FOOTBALL authorities have held their first serious all-party meeting with social media giants to combat online hate as Anton Ferdinand demanded they be held to account.
Anti-racism leaders Kick It Out convened the gathering of the game’s senior organisations.
Facebook and Twitter were invited to the talk alongside the Premier League, PFA, FA, EFL and LMA.
Former West Ham defender Ferdinand told the meeting: “As footballers we are held accountable for our actions all the time – why aren’t the people that are sending abuse, and the social media platforms, held to account too?
“I had no escape from being racially abused, whether that was on the streets or social media.
“The ripple effect the abuse had on me and my family, I wouldn’t want anyone else to experience that.”
The social media companies agreed to take steps to ensure a zero tolerance policy on online hate and abuse.
As part of a set of “common principles” the parties confirmed that “discrimination, hate and abuse towards those who play, support or work in the game is totally unacceptable”.
That includes “real-world consequences” for those who use online platforms to spread abuse with the determination to make perpetrators be “accountable for their actions”.
Outside bodies involved were UK Football Policing Unit, Women in Football, Crown Prosecution Service, Home Office and Sky, with further meetings to be held every two months.
Online discriminatory abuse is unacceptable and tackling this issue must be a priority for football and social media companies.
Kick it Out chairman Sanjay Bhandari said: “Online hate thrives because there is a culture of impunity.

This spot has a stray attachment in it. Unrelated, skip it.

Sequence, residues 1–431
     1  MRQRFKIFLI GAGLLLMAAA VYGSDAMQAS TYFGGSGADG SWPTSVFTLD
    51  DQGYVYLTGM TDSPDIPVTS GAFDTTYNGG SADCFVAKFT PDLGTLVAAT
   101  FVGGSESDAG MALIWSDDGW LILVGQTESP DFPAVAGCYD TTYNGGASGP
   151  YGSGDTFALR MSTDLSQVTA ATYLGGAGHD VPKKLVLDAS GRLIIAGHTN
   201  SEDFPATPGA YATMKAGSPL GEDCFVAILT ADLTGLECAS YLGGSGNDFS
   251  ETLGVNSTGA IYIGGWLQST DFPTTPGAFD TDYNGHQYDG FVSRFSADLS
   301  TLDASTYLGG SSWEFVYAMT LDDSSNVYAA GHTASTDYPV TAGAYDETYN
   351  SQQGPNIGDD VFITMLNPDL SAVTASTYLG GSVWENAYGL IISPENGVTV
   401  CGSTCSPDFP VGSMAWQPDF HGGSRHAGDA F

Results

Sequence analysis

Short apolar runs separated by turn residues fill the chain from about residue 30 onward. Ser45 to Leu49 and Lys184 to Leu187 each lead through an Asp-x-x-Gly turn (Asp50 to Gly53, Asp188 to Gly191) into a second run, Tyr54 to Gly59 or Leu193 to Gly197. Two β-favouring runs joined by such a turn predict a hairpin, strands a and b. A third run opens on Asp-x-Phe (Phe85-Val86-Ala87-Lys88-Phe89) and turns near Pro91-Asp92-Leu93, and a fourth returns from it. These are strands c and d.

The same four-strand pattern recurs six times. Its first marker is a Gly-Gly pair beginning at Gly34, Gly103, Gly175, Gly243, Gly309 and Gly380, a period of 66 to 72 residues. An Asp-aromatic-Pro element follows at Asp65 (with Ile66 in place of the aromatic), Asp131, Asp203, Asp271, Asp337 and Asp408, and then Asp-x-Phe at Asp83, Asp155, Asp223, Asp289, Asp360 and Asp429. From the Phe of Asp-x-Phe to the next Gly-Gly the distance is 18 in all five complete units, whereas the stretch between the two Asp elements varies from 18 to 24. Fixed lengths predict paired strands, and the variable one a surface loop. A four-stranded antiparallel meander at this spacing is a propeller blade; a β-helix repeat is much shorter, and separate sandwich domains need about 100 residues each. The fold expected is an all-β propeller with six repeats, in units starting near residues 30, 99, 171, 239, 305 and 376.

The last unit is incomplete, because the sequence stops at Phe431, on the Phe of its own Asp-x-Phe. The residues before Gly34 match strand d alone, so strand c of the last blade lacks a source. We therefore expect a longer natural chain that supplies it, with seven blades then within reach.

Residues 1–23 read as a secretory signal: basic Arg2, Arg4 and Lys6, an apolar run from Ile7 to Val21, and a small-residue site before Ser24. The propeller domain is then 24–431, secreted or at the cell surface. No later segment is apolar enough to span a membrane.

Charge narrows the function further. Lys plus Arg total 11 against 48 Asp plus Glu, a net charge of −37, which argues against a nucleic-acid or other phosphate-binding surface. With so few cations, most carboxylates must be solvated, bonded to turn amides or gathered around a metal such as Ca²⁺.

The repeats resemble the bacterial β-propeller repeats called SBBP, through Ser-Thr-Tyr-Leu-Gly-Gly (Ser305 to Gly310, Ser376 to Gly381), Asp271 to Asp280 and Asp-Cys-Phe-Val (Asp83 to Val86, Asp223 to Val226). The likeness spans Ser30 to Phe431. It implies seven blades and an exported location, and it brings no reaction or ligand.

“People feel free to say what they want because they are confident there will be no consequences. That must change.”
Prem chief executive Richard Masters added: “Online discriminatory abuse is unacceptable and tackling this issue must be a priority for football and social media companies.
“Sadly, there are too many instances of footballers and their families receiving horrific discriminatory messages and nobody should have to deal with this.
“The Premier League welcomes this initiative as a means of persuading social media companies to remove offensive material swiftly and help the Premier League and law enforcement bodies identify perpetrators.”
Twitter and Facebook appear to recognise their responsibilities.
Between June and September last year were able to find 95% of the hate speech content and removed it before anyone reported it.
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Facebook’s Jerry Newman said: “We don’t want racism or any type of hate speech on Facebook or Instagram.
“Over the last few years, we’ve tripled the size of our safety and security team and between June and September last year were able to find 95 per cent of the hate speech content and removed it before anyone reported it. We won’t stop there.”
Katy Minshall of Twitter added: “Racist behaviour has no place on Twitter and we strongly condemn it.
“We continue to collaborate closely with our partners in football to identify ways to tackle this issue collectively.”